By Liam Menzies (@blnkclyr)
There’s that old saying that you should never judge a book by its cover: have a glance at a novel like Trainspotting and you’d expect some supernatural story about skeletons as opposed to the morally ambiguous, heroin fuelled epic that it is. Chris McQueer’s debut book Hings sees that rule, stares at it with a raised eyebrow smirk and drop kicks it out the nearest window – with the neck of a bottle that bares an uncanny resemblance to Scotland’s favourite tonic creeping from the bottom corner, a burst of beautiful colours from every palette smear the sleeve with vibrant beauty.
This description alone is enough to give you an idea of what to expect from McQueer with his compilation of short stories. The use of a drink so etched into the working class stereotype and giving it this nice twist, whether intentional or not, is refreshing and ties not only into the author’s background but the whole host of characters that will lead you through the 200+ pages Hings has to offer.
A common comparison has been drawn between McQueer and other famous Scottish figures such as Irvine Welsh and Limmy which, once you’ve read a handful of stories, is clear to see why: a fair few of the characters have their speech written with that Filth-esque dialect where your “yers” and “kehns” are worn proudly just like a G-star t-shirt. Limmy is credited with making the classic weegie speak a bit more mainstream thanks to his show and now cult status on Twitter though his side of the comparison comes more from his endeavours in Daft Wee Stories – some tales will be fully fleshed out, spanning for pages while others will just, well, end, abruptly and usually with a conclusion so absurd that you’ll drop your copy from laughing – here’s hoping you’re no reading any stories on your phone.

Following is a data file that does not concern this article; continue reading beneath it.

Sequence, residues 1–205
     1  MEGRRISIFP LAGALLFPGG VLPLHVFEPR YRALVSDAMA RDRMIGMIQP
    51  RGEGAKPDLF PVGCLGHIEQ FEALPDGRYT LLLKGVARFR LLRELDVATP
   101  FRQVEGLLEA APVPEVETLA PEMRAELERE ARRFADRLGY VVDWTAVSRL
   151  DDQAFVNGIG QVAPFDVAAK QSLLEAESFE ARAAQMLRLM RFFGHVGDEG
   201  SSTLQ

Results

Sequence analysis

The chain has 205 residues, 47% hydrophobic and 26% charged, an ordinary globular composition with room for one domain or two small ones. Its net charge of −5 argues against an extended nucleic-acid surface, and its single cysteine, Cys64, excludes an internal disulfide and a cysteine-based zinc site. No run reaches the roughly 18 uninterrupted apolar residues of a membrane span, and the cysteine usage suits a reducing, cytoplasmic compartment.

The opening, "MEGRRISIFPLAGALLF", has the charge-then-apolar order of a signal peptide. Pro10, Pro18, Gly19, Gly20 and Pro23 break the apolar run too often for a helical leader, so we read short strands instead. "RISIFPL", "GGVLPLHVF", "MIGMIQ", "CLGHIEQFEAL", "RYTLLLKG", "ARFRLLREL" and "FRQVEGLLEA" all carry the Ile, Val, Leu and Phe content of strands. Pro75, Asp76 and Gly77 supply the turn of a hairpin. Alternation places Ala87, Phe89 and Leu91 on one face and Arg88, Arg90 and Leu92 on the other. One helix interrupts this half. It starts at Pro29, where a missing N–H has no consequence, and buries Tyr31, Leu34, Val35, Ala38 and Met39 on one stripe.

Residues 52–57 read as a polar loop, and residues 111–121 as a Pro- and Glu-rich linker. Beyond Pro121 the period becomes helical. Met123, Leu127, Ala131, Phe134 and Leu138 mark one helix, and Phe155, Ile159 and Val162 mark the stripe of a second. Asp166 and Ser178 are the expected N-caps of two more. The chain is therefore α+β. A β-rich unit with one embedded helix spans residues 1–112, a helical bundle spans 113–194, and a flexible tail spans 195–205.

However, McQueer’s stuff is so unique and just outright imaginative that to leave the description of such a writer solely to this would be doing his work a great disservice. So many of these stories revolve around a mundane or over-used story, say for instance getting bullied in A Fistful of Coppers, and are injected with enough creativity that they’re elevated to 3 page epics: the aforementioned Coppers story is one of the shortest in Hings but is presented much like the gritty western its name is derived from, the Mexican village replaced with a playground but the showdown being just as satisfying. Examples like this are numerous but it never gets tiresome or repetitive, reading like Interdimensional Cable skits from Rick and Morty but with more depth.
It’s when McQueer pushes himself out of his usual comfort zone that Hing’s strongest moments occur. While most of his work up to this date have been predominantly comedies, there are a few stories that try to do so much more than get a chuckle out of you. Let’s take for instance Lads, a story that starts out just like your usual “ZANTE HOLIDAY WITH THE BOYS” that you expect it to just play out as a satire of this sixth year holiday patter that haunts your Facebook feed everyday. However, as it continues, things start to become more of a romantic affair, much in the vain of Moonlight though instead of a totally serious drama revolving around sexuality and race, Lads is a funny, adventurous romp with our lead finding himself with his rag-tag pal bringing some comic relief.
The same can be said about Bowls, my personal favourite of the bunch, which plays out like Thelma and Louise that touches on relationships, social stigma and class effortlessly. Easily being the longest story of the lot, the story does that aforementioned trick of taking something as mundane as bowls and turning it into a thriller that still never loses that comedy element which makes a McQueer story a McQueer story. A quick note: try all you want to imagine Angie as anyone other than Jacqueline McCafferty but you’ll never escape it.
It would have been so easy for McQueer to play it safe, bash out a few short stories that stuck closely to the formula that have made him such a icon in the Scottish writer scene. Thankfully, he’s not only pushed himself out his comfort zone but twisted everyone’s perceptions of the writer – he’s undeniably funny but his ability to weave a well written narrative with likeable, and dislikeable, characters in addition to his sheer creativity is what makes him such a juggernaut.
“Are you ready?” for the year of McQueer reads the last line of Hing’s blurb – “fuckin yes ah am” I can say with resounding confidence.